One of the most debilitating errors those on any side of a position can make is—to mangle a phrase from T.S. Eliot—espousing the right thing for the wrong reason; that is, advocating for a particular person or purpose on grounds which are irrelevant or, worse still, false.  In political argument it is common, for example, to advocate for one’s policies based on what some individual or party did in the past.  This would be a perfectly acceptable way of beginning a cause and effect argument, which would involve tracing all the numerous historical details connected with the old case in question, which would allow us to legitimately apply it to our present case.  But in the (perhaps justified) judgment of our leaders this country is not capable of following so sustained as discourse; and so they resort to mere associations.

No, I am not going to write about Ronald Reagan and the VAT tax.

It was not always so.  Perhaps it need not be so today.  But it is indubitably true that if one treats a Democracy like a many-headed beast instead of a body of reasonable members, it will begin behaving as such.  This is simple psychology.  Offer people easily consumed junk—whether it be in the form of food, movies, memes, or political discourse—and they will not only lap it up, but gradually come to lose their appreciation for whatever finer things they might once have enjoyed—and worse still, their ability to refine their physical, aesthetic, moral, and intellectual palates further will be degraded.  Listen to enough political hectoring, and you will be desensitized to genuine political debate.  The next person who takes it upon himself to offer you a real argument will have to work that much harder to make it intelligible, because your habit of responding to the simplest and most obvious level of associations, tones, and expressions will be that much more firmly rooted, thanks to the ongoing fertilization of bad rhetoric.

In the current campaign season, there has been the usual and perhaps more than the usual share of bad rhetoric, to the detriment of the country.  A good deal of it centers around one particular candidate on the Republican side of the aisle.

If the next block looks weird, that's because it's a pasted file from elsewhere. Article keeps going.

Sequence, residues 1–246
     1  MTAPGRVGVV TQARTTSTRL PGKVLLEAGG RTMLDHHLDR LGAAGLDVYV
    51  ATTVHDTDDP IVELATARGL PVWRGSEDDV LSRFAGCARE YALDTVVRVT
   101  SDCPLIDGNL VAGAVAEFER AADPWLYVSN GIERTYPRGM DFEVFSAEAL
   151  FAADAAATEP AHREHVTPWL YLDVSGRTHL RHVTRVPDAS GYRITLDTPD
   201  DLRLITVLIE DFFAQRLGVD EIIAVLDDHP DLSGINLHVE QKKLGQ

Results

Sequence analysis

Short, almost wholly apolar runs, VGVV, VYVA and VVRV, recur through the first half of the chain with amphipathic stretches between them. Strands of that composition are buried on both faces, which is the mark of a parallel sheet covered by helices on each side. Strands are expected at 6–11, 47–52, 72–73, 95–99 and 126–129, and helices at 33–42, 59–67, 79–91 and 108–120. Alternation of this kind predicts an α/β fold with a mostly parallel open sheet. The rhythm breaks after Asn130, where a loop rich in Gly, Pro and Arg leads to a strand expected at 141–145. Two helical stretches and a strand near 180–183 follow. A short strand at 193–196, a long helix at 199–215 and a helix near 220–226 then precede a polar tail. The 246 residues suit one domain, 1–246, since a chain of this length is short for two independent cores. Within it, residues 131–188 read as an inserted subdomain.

Notice that I don’t say this candidate emits simplistic rhetoric himself; there is no point in making such a point.  The problem is not his rhetoric, but the response to it—not just on the part of prospective voters, but on the part of politicos, journalists, back-bench wiseacres like myself, and (of course) the other candidates.  Rather than providing an articulate response to what they dislike about Trump, too many of the aforementioned have criticized his hair, his gestures, his sentence structure, his disorganized campaign.  Those things may all deserve criticism, from an aesthetic standpoint; but until Americans actually learn to appreciate Dante again, attacks on the déclassé are worse than ridiculous.

But yes, this IS an invitation to play the where-would-Dante-place-Trump game.

Nor is it sufficient to say that Donald Trump is not a True Conservative, our current version of the old but lively No True Scotsman fallacy.  Once again, this is certainly true under many meanings of the word conservative (including meanings that I would accept) but it is pointless unless (1) the accuser also carefully and consistently defines “conservative” as he intends to use it, and (2) the accuser offers an alternative candidate, while articulating how said candidate more closely matches his ideas of what the word means.  But I, having wasted far too many hours on a matter that is not likely to change my mind in any case, can affirm that I have yet to see anyone do this convincingly.